The Red Tree and the Legacy of Eugenia Brown

Today is the day for that steady, late fall rain that washes much of the brilliant color from the trees.  In tomorrow’s sunshine, many branches will be newly bare.  Gutters and lawns, though, will gleam red, orange and gold.  One of the brightest patches in our area will be beneath this magnificent tree.  

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Located behind our church, it’s adorned with some of the most vividly red leaves imaginable.  I’d always assumed it was a maple.  When someone referred to it as an oak, I knew that wasn’t right.  But in September, when Kiko and I were sitting in its shade for the Blessing of the Animals, I realized I was wrong, too.  This was no maple.  The leaves, still green then, were the wrong shape. And there were berries.  Bluish-purple berries, like elongated blueberries.   

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What was this tree?  No one seemed to know.  But mention “that red tree by the church” and everyone knew exactly which one you meant.  I began an internet search.  Googling “trees with blue berries” didn’t provide a quick answer. 

Then I remembered my little tree book, which I’d recently brought from Atlanta.  As I mentioned in a previous tree post, a neighbor gave me the book when I was a child.  She encouraged me to look closely and appreciate nature as we saw it all around us.  She was Eugenia Brown, a Southern lady with a Southern name, a proud graduate of Decatur’s Agnes Scott College some decades before.  (Daddy thought she was too old to be talking so much about her Agnes Scott days.)  Mrs. Brown was a wise woman, and I’ve only recently begun to realize the impression she made on me.  She wasn’t particularly religious, but I can see now that when we examined leaves, acorns, pine cones, shells and flowers, she encouraged my sense of wonder for that vast and easily overlooked array of amazing little things God made.  His little creations–those unique, tiny masterpieces of design–they have always brought me joy.  For that gift, I thank Mrs. Brown.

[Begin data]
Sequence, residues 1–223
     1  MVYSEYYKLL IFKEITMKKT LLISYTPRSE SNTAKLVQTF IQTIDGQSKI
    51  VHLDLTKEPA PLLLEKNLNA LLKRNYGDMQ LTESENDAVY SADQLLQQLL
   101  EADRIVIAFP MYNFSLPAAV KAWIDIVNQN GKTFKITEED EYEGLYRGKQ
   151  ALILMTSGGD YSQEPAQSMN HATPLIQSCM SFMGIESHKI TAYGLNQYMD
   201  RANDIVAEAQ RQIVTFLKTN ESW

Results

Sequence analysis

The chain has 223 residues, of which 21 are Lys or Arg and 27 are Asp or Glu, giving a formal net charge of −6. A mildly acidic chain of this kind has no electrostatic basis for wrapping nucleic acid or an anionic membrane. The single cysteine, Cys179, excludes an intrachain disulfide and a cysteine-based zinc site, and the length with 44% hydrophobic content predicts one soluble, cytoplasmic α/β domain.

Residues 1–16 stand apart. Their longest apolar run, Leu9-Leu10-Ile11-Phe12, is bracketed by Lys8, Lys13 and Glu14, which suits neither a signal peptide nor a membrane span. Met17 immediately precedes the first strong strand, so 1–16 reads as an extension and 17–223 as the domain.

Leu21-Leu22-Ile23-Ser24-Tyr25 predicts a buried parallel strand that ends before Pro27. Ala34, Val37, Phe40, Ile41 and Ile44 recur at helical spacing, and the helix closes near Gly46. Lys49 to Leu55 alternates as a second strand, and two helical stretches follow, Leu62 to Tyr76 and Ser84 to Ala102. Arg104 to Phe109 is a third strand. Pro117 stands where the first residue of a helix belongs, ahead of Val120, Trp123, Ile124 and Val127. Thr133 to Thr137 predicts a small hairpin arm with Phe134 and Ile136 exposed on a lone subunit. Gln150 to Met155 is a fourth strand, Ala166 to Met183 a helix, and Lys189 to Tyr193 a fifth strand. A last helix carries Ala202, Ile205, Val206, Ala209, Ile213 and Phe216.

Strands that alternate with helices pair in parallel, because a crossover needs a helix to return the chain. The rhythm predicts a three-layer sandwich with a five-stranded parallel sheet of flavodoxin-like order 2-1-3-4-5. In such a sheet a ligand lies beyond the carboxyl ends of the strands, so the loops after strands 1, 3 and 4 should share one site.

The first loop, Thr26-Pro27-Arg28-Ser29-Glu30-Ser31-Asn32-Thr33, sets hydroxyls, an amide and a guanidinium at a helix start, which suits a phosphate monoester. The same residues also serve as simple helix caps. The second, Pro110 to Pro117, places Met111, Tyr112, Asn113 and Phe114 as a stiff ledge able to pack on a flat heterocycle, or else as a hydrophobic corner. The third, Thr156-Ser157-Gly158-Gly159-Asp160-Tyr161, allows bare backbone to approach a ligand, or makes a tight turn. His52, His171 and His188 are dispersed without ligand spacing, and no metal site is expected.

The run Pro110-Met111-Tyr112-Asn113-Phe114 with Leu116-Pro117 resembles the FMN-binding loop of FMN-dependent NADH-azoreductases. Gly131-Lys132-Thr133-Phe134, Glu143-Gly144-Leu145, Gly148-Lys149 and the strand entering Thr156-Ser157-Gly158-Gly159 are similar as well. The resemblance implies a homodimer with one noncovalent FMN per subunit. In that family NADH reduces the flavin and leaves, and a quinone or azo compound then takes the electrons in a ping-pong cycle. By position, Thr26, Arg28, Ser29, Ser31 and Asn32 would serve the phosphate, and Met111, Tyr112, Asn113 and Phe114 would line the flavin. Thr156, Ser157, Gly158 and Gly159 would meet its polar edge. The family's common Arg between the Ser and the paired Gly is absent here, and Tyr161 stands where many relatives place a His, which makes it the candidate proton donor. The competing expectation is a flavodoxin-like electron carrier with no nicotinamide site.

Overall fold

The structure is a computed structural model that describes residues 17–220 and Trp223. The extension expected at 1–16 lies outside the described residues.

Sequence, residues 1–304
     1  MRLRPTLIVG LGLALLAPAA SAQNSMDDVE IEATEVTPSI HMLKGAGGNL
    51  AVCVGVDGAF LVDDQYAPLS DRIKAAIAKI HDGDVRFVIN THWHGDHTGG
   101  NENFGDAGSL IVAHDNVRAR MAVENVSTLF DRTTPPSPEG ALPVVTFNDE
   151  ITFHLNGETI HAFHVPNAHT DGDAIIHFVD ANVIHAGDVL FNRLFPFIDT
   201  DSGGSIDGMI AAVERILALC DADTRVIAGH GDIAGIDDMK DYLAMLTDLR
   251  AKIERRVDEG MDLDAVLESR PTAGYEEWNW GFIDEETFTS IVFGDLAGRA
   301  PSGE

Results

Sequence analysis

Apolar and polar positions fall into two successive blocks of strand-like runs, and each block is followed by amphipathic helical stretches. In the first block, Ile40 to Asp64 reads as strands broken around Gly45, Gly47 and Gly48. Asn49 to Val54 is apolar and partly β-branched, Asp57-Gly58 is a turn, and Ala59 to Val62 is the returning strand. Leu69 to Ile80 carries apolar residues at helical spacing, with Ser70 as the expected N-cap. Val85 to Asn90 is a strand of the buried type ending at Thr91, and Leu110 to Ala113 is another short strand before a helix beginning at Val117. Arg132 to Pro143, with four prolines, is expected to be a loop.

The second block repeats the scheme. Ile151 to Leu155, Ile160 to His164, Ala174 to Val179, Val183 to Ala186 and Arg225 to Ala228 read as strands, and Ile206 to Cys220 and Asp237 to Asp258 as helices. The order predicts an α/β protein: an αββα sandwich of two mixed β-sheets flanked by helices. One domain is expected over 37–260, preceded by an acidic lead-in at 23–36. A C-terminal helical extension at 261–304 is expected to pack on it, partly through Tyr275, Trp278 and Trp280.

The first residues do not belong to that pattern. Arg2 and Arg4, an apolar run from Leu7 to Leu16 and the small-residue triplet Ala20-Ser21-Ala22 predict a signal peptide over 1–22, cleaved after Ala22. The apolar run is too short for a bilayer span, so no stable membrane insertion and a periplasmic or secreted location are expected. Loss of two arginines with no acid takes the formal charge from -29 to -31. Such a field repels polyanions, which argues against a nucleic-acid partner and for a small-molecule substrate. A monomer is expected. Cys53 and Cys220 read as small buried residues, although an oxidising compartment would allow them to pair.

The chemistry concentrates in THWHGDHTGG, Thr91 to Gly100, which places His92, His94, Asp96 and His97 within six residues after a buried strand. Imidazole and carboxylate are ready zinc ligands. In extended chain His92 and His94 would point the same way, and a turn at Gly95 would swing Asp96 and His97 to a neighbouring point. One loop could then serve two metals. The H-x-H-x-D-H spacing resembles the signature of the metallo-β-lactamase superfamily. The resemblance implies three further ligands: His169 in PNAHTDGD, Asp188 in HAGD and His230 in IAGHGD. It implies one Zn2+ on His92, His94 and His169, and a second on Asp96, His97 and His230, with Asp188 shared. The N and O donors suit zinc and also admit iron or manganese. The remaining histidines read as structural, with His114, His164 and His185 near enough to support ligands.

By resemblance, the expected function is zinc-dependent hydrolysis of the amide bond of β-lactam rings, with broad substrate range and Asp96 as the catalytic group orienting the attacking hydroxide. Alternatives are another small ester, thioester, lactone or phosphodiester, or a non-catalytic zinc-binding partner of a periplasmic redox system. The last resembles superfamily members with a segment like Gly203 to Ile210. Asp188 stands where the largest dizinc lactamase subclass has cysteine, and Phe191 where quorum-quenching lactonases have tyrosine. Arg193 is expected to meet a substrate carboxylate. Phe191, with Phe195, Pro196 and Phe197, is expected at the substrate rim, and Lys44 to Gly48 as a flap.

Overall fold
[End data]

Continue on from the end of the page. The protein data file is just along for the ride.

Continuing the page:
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I found the book, and sure enough, I discovered the tree almost immediately, recognizing it from the handy close-up painting of its red leaves and berries.  It’s a Black Gum tree.  Also known as Black Tupelo, Sourgum or Pepperidge.  According to the concise text, “Black Gum leaves are smooth and shiny, turning brilliant red in fall.  The dark blue fruit is eaten by birds and small mammals.”  Bingo. 

Yet again, thank you, Mrs. Brown.  And thank you, God.  Had I not known Mrs. Brown, had she not given me the tree book, I might not be able to find such solace in the beauty of little things and the God who made them.  How wonderful it is that our God designed bright red canopies with plump blue berries to shelter and sustain His littlest winged and furry creatures!  To paraphrase that old hymn, His eye is on the berry, and I know he watches me. 

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